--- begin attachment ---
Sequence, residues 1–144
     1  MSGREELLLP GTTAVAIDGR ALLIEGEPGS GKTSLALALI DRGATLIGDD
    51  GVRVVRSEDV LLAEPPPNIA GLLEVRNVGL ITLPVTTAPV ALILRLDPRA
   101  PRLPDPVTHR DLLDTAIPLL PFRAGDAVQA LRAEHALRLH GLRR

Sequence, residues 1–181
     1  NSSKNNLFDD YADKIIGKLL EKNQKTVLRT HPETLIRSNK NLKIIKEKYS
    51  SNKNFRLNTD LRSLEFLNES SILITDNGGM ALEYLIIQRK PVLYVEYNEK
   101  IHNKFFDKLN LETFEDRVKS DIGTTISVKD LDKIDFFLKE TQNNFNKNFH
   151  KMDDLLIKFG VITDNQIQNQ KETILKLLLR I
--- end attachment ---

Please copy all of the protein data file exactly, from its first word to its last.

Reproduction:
Sequence, residues 1–144
     1  MSGREELLLP GTTAVAIDGR ALLIEGEPGS GKTSLALALI DRGATLIGDD
    51  GVRVVRSEDV LLAEPPPNIA GLLEVRNVGL ITLPVTTAPV ALILRLDPRA
   101  PRLPDPVTHR DLLDTAIPLL PFRAGDAVQA LRAEHALRLH GLRR

Sequence, residues 1–181
     1  NSSKNNLFDD YADKIIGKLL EKNQKTVLRT HPETLIRSNK NLKIIKEKYS
    51  SNKNFRLNTD LRSLEFLNES SILITDNGGM ALEYLIIQRK PVLYVEYNEK
   101  IHNKFFDKLN LETFEDRVKS DIGTTISVKD LDKIDFFLKE TQNNFNKNFH
   151  KMDDLLIKFG VITDNQIQNQ KETILKLLLR I